One thing engineering students discover when the entrepreneurial spirit moves them is that they need to get out of the lab and into the world to find out what people really want. So says University of Arizona electrical and computer engineering doctoral candidate Xiao Qin.
“I’ve learned to ask questions like, ‘How am I going to make a product people will use in their daily lives?’” said Xiao, whose National Science Foundation and Startup Weekend Tucson teams both recently won first-place awards.
Xiao’s experiences with an NSF Innovation Corps training program last summer and Startup Tucson’s entrepreneurial marathon the first weekend in September not only helped him learn the business skills needed to introduce a product to market, they also helped the self-proclaimed shy guy overcome his uneasiness.
The NSF Innovation Corps, or I-Corps, is a series of activities that help foster the commercialization of select, NSF-funded, basic-research projects. As part of an eight-week I-Corps entrepreneurial training program, Xiao was required to interview potential customers for a market survey, a daunting assignment for the expert in embedded hardware and sensor networked systems.
“The first week of the program, three of us went out to survey people, and I was almost silent, just smiling and nodding,” he said. “By the end of the process, I played a much more active role. It was a big change for me. I never thought I could accomplish something like this.”
The NSF-supported research team has created a cost set-point thermostat that indicates how temperature correlates to heating and cooling costs, putting consumers in control of their home energy costs. The group was named Best Team out of 27 teams at the culmination of the six-month I-Corps program during a ceremony at the University of Michigan in Ann Arbor in August.
The cost set-point project, which also spawned the startup company Acomni, originated with UA electrical and computer engineering professors Jonathan Sprinkle, an expert in industrial control technology and embedded and autonomous systems, and Susan Lysecky, an expert in design automation and interface design. Manny Teran, a UA aerospace and mechanical engineering alumnus and successful Tucson entrepreneur, also is a partner in the company.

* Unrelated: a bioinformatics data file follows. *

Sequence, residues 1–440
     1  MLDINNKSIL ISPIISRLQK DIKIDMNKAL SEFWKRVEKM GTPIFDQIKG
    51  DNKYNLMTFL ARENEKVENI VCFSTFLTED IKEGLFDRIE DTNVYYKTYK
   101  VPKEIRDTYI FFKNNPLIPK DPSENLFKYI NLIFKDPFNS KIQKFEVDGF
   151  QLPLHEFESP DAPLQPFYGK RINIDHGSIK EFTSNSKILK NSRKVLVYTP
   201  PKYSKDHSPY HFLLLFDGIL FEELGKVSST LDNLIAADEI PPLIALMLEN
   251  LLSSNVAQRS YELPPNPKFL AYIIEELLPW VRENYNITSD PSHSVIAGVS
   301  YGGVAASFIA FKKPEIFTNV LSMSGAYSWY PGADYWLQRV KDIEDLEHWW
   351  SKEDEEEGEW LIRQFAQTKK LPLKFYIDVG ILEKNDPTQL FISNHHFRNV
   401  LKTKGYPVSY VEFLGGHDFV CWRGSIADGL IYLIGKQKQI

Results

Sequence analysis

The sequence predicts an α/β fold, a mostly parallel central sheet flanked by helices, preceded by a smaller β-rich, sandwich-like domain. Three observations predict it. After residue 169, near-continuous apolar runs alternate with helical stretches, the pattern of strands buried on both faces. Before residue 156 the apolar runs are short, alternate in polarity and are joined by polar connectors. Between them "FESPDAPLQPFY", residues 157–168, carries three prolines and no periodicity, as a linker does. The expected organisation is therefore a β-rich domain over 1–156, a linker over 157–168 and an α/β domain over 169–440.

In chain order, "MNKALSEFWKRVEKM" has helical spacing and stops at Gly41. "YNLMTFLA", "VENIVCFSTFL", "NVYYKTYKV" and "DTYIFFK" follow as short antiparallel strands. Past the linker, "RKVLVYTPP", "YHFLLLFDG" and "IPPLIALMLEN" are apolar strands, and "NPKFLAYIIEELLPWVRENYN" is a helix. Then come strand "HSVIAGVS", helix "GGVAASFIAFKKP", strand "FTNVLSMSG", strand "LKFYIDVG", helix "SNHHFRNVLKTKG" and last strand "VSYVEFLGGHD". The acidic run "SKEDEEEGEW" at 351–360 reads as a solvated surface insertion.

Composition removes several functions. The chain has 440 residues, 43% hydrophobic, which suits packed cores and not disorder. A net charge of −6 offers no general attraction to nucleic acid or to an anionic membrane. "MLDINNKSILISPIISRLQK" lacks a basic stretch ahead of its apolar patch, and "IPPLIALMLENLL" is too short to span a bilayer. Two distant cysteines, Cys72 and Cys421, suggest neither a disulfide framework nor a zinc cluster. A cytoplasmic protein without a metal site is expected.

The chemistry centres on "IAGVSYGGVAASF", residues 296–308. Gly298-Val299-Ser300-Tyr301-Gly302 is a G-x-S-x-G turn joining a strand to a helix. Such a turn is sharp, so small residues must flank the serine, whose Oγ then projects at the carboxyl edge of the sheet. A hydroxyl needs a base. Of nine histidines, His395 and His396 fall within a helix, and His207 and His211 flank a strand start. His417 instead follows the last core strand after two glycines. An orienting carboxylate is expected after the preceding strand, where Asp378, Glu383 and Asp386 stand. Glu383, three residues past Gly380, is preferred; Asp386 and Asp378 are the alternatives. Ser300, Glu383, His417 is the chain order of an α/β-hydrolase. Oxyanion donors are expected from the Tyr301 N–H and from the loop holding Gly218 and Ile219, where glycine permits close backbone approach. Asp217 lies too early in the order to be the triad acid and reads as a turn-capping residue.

“I feel really lucky to be working with Drs. Sprinkle and Lysecky and with Manny,” said Xiao. “You never know when opportunity is going to come knocking, but when it does, you better be ready.”
For Xiao, it wasn’t long. From I-Corps he moved on to Startup Weekend Tucson. Startup Weekend began in 2007 in Boulder, Colo. Since then, the nonprofit organization headquartered in Seattle has helped facilitate nearly 500 of the weekendlong events in North America, South America, Europe, Asia and Africa.
In addition to organizing the local Startup Weekend, Startup Tucson holds events throughout the year that help create a local economic development support structure, from the ground up, said Justin Williams, a UA College of Engineering alumnus and founder of Startup Tucson. The focus of the events, he said, is to bring together entrepreneurs throughout the creative community, whether they are computer programmers, graphic designers, accountants or marketing professionals.
Twelve teams were formed on the spot Friday, Sept. 7 for the second Startup Weekend Tucson. They had one goal: Create a startup in 54 hours. Shark Tank, the penultimate event of the weekend, is when teams make their final presentation before a panel of judges, most of whom are potential investors. Xiao’s team, Cheap Avocados, won the competition for their presentation of a grocery equivalent to the cheap gas finder.
The mobile phone grocery application, brainchild of teammate Forest Danford, finds the neighborhood store with the best deal for a shopper’s entire basket of groceries. Danford graduated from the University in 2011 with an agricultural engineering degree and now works as a research engineer at the UA’s Soft Tissue Engineering Biomechanics Lab.
“Most of us were engineers,” Xiao said. “If I hadn’t done the NSF program, we probably would never have been able to present such a valid business model.”
The Cheap Avocados team also included Frank Ventura, a UA biosystems engineering alumnus; Asher Caplan, a UA business sophomore; Charles King, an engineering student at Boston University; and Brian Volk, an engineering student at California Polytechnic State University.
For their efforts at the weekend event -- business model creation, coding, designing, and market validation -- Xiao and his teammates earned the opportunity to refine their project and present it to potential investors. They will attend a seven-week startup course, Lean Launch Pad; get free office space and expert guidance at the Arizona Center for Innovation, a business incubator program at the University of Arizona Tech Park; then pitch their idea to a screening panel of the Desert Angels investor group.